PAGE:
Critical Condition

High-Priced Cancer Drugs: Are They Worth It?

The New York Times ran an editorial Wednesday implicitly arguing that Medicare should consider withdrawing coverage for high-priced cancer drugs that have “modest” benefits, such as Avastin for metastatic breast cancer and Provenge for metastatic colon cancer. The Times makes the best possible case for rationing access to pricey cancer drugs, but the case ultimately falls short. Here’s their argument:

Many patients with advanced cancer must feel great relief after last week’s decisions by Medicare to pay for two drugs that provide limited medical benefits. For these patients, even a few more months of life is beyond price.

The unaddressed issue, however, is whether public and private insurance should continue to pay the staggeringly high cost — reaching $88,000 and $93,000 in some cases — for drugs that offer modest help to the typical patient. A prime driver of our escalating health care costs is the advance of medical technology and the understandable desire of patients and doctors to adopt the latest treatment. Sooner or later, as the nation struggles to contain health care spending, we may need to devise measures to determine whether very high-priced drugs provide enough medical benefit to warrant paying the bill.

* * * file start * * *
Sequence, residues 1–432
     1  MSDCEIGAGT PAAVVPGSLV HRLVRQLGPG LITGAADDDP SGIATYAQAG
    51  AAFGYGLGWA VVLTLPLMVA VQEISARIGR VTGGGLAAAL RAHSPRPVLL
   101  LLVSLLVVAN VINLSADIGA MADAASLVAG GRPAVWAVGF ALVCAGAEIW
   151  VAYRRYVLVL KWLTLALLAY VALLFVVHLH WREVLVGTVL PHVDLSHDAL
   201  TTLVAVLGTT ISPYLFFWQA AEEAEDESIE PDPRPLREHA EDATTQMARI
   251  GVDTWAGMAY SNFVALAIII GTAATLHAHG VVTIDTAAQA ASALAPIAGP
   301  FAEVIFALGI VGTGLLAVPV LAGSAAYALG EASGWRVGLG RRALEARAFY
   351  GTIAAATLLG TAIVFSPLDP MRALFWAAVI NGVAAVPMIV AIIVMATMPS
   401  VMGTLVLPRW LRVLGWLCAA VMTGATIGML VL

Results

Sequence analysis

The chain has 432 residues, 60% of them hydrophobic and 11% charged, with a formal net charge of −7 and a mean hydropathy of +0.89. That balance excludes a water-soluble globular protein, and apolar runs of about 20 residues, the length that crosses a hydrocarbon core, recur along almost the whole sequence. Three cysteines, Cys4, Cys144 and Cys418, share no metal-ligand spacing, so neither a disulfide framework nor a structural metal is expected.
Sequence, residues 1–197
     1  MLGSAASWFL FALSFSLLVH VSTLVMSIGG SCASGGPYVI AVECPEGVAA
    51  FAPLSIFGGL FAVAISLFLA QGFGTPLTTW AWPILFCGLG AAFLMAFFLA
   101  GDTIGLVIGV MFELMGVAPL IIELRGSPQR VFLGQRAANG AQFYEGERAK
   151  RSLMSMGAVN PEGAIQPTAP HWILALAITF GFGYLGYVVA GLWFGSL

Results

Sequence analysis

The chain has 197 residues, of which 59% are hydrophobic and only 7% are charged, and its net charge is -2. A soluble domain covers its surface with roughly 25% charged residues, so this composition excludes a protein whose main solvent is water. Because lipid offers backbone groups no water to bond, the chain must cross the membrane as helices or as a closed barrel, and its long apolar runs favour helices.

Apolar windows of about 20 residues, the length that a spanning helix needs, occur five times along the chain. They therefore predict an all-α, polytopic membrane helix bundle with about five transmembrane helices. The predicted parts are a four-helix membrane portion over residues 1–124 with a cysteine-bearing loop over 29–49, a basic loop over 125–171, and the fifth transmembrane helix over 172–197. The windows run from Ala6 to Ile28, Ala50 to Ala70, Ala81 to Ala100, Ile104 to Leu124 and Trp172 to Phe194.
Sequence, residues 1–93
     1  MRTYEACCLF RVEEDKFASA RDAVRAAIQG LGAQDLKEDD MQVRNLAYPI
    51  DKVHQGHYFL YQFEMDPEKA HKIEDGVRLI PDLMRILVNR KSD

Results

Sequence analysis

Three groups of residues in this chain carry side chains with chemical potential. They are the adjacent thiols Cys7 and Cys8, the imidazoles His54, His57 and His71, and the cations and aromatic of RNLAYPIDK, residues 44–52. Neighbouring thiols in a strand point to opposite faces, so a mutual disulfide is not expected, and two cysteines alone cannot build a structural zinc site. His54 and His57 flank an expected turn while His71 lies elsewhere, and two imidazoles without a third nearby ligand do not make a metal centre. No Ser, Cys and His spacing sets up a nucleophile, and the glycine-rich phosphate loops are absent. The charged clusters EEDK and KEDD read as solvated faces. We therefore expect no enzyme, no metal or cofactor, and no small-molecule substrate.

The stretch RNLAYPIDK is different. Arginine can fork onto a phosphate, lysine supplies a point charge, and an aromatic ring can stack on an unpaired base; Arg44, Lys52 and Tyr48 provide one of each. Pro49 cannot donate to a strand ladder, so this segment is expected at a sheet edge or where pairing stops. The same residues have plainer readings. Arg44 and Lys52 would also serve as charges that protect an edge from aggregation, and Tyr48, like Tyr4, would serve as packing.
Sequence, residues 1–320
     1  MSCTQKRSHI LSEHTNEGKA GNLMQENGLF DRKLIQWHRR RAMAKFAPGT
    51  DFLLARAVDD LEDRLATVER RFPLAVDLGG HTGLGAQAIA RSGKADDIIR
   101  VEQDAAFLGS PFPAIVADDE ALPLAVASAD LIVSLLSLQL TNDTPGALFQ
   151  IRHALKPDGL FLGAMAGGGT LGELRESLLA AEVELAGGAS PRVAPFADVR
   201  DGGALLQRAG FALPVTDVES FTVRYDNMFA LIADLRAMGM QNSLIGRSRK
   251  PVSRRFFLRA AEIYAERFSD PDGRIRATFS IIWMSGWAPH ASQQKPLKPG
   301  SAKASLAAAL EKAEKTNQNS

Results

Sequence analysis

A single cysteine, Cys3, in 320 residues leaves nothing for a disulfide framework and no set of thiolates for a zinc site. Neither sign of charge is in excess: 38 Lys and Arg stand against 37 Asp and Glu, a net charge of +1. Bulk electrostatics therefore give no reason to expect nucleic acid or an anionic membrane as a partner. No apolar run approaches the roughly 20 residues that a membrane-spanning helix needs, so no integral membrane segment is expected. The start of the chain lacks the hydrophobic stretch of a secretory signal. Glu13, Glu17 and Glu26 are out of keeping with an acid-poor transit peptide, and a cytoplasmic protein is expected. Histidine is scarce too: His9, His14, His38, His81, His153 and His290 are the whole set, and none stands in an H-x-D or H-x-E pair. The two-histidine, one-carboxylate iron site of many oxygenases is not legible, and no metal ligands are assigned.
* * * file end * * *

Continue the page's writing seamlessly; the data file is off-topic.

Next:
Where to begin? High price tags make an easy target, but drug costs aren’t bankrupting the U.S. health-care system. They’re only about 11–12 percent of total health-care costs; total direct costs for oncology care were about $125 billion in 2011 (that’s all cancer costs, including drug costs). That’s a lot of money, but it’s not the lion’s share of the nation’s $2 trillion health-care tab.